Sarawak perfect backdrop for Islamic tourism
By Jude Toyat
SARAWAK HAS MUCH TO offer in terms of Islamic tourism because of its racial diversity, said Islamic Tourism Centre Manager (Research and Training) Nur Alyssa Coraline Yussin.
“Islamic tourism is all about peace. Looking at many races living together in peace and harmony in Sarawak; that is a unique feature that Sarawak can actually highlight,” she said when met by The Borneo Post SEEDS on May 15 at Santubong Homestay.
Alyssa was here for the Malaysian Technical Cooperation Programme (MTCP) short training course on marketing and promotions of Islamic tourism destinations held in Kuching from May 10 to 15.
The course was organised by Islamic Tourism Center with support from the Ministry of Tourism Sarawak, Sarawak Tourism Board and Tourism Malaysia Sarawak. It was funded by the MTCP under the Ministry of Foreign Affairs and is the 12th course conducted since 2007.
“We have different title each time, and for this time our focus was basically on the marketing and promotion of Islamic tourism.”
On the products available for the Islamic tourism sector here, Alyssa said that one of them has to be the Islamic Information Centre (IIC) in Kuching.
“In Peninsular Malaysia, we usually organise mosque visits. Here in Sarawak, apart from the mosque, Muslim travellers can also visit the IIC since they promote interface dialogues, understanding and peace,” she added saying that she had also proposed the tagline for the centre that is ‘Peace through Tourism’ after a visit there.
“Islamic tourism is also about nature, which is a very significant part of Sarawak.
“It is mentioned in the holy book that we have to appreciate nature because that is God’s creation. Sarawak is so blessed with nature which can promote the appreciation for the environment and can also be another interesting element in Islamic tourism in Sarawak,” she added.
The objectives of this course is to understand the role of different stakeholders in destination marketing based on Malaysia’s experience, to explore the issues associated with the planning, marketing and promotion of Islamic tourism destination as well as study on the various marketing strategies; and to share Malaysia’s best practice experiences in Islamic travel and tourism.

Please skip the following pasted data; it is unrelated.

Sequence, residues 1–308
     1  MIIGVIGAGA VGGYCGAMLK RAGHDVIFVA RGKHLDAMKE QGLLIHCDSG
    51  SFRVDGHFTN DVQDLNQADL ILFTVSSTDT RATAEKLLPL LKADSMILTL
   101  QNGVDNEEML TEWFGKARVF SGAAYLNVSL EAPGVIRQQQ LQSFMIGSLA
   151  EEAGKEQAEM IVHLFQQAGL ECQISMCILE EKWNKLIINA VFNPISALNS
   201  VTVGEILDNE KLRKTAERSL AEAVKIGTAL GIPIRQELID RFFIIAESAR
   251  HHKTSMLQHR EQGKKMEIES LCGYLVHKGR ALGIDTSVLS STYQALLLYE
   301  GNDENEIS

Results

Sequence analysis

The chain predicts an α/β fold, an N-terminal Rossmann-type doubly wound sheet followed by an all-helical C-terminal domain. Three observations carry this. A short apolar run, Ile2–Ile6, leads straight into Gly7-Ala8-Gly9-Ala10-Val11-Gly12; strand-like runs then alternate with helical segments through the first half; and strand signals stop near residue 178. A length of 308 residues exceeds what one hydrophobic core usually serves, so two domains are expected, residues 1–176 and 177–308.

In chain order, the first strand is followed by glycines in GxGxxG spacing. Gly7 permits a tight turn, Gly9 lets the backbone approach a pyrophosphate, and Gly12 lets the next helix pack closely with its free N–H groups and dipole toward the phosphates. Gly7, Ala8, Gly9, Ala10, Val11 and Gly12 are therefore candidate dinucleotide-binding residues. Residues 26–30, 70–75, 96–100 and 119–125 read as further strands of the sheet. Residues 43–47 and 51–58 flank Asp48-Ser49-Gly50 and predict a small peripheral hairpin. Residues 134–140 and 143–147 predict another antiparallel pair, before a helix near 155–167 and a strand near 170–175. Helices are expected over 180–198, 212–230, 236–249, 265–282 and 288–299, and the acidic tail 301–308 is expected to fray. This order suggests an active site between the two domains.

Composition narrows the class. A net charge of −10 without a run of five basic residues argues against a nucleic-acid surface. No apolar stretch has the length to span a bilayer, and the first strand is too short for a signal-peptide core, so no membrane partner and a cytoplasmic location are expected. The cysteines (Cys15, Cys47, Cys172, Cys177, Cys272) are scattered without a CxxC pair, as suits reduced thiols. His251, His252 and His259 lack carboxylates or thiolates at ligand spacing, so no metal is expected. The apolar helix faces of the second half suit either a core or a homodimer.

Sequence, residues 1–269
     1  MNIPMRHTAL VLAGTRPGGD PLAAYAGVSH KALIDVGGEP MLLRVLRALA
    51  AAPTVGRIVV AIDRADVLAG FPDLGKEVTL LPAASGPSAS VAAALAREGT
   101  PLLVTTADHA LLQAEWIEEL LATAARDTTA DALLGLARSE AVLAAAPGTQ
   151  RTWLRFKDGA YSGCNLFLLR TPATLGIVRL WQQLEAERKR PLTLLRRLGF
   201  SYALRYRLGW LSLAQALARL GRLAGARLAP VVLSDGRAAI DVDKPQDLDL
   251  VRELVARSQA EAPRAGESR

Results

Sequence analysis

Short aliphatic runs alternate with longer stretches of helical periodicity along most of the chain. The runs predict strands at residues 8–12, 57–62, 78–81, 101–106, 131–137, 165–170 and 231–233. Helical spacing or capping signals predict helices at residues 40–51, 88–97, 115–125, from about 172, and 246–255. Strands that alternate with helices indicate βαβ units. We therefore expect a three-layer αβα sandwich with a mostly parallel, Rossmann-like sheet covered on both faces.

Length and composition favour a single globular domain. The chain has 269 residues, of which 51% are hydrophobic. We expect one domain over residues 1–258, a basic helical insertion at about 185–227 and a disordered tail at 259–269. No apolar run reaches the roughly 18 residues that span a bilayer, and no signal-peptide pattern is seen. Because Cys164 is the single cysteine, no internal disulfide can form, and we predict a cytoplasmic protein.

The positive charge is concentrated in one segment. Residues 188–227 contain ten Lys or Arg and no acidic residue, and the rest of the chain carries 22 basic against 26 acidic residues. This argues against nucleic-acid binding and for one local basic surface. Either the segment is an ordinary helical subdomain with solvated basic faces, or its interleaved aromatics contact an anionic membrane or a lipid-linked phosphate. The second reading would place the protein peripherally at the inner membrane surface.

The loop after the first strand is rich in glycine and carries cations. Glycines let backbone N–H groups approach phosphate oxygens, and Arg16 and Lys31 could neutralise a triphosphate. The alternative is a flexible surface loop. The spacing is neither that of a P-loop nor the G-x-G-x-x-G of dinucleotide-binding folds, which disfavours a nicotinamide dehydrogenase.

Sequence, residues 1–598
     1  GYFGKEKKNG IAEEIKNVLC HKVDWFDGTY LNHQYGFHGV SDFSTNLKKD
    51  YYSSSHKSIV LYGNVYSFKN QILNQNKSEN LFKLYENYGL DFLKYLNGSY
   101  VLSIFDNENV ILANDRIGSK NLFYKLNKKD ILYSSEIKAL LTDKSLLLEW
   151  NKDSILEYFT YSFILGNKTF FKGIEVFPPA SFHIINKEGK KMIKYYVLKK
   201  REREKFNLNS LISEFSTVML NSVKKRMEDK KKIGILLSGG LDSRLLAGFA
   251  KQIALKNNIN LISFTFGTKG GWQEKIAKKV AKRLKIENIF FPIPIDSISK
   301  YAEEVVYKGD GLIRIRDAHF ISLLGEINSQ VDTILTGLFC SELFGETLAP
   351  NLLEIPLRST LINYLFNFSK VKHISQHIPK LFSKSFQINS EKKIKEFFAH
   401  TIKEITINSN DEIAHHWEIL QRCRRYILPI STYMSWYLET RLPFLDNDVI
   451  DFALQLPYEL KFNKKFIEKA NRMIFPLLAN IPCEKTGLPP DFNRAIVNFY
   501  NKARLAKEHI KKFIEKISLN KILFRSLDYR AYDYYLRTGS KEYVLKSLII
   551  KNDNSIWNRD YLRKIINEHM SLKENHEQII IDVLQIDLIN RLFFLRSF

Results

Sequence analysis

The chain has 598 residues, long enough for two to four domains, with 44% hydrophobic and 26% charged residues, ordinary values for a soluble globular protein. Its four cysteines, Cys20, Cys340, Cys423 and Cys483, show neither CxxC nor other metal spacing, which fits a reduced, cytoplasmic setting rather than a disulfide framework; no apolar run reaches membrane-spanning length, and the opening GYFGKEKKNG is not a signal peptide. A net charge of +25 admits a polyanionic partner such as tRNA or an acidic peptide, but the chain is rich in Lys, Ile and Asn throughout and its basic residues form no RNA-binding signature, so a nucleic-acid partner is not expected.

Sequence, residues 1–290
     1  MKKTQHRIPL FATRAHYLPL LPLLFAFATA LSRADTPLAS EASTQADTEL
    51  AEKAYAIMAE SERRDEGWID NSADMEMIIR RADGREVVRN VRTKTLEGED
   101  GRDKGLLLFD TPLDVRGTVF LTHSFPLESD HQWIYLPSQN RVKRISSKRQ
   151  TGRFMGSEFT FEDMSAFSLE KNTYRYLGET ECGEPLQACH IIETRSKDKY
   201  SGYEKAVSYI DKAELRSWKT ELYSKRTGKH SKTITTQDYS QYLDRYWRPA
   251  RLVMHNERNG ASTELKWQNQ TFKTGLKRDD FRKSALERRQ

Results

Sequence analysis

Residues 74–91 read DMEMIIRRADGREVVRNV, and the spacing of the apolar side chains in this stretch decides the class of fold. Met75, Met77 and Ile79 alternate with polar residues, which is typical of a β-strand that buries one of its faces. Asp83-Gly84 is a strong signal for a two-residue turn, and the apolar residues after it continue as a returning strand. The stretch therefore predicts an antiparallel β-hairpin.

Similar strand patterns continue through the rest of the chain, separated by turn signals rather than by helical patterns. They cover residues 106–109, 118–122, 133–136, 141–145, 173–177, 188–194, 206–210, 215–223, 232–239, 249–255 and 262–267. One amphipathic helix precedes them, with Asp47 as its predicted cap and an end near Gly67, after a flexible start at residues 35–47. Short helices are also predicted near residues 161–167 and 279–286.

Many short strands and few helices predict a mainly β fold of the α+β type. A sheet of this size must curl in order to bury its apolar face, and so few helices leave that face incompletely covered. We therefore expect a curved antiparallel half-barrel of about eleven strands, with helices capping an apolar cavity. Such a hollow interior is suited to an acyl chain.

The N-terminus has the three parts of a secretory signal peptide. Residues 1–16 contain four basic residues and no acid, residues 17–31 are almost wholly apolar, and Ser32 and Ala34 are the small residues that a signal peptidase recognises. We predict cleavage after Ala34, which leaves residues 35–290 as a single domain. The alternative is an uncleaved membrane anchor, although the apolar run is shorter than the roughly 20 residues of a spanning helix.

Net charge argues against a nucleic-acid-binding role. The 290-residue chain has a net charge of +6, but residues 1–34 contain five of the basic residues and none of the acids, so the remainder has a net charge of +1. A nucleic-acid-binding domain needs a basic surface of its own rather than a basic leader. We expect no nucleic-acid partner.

According to Alyssa, Islamic tourism is not that much different from conventional tourism, except that it incorporates and emphasises on Islamic values.
“The highlight of Islamic tourism is predominantly on the emphasis of Halal foods, because that is the most important thing. When people travel, the first thing they will look for is food, so when it comes to Islamic tourism, we have to make sure that we always provide Halal food which is an important requirement for Muslims.
“We should also look after the obligation as a Muslim to pray. Halal food and prayers are two basic important highlights in Islamic tourism. So, if we are thinking of coming up with an Islamic tourism package, we have to make sure that there is something that the visitors can learn about Islam,” she explained.
Through this course, Alyssa hoped that they can promote Malaysia as a whole.
“I believe that the best promotion is with us bringing them here to experience the local Sarawakian and Malaysian hospitality themselves. We hope that when they go back to their own country, they will help to spread the words and bring good message about us here.
“It is also important for us to promote good relationship with the other Islamic countries,” she added.
A total of 15 participants took part in the course representing various ministries and departments directly or indirectly involved in marketing and promotion of tourism in their respective countries.
They are from Azerbaijan, Bangladesh, Gambia, Kyrgyz Republic, Lao PDR, Lebanon, Morocco, Pakistan, Senegal, Sri Lanka, Tajikistan, Thailand, Turkey, Uganda and Uzbekistan. Twelve of them are from the member countries of the Organisation of Islamic Conferences (OIC) and the remaining four are from Association of Southeast Asian Nations (Asean).
The participants were selected by ITC with help from the Ministry of Foreign Affairs in Putrajaya based on their job scopes and their ability to speak in English.
“Last year, we did two similar courses in Malacca and Johor for the first trip, then to Penang and Langkawi for the next one. This year, we brought them to Sarawak and hopefully somewhere else next year.
“We visited the Sarawak Cultural Village, Semenggoh Wildlife Centre, Islamic Information Centre and here at Santubong Homestay. After this, these participants will head to Kuala Lumpur from May 16 to 23 for their next visit,” Alyssa said.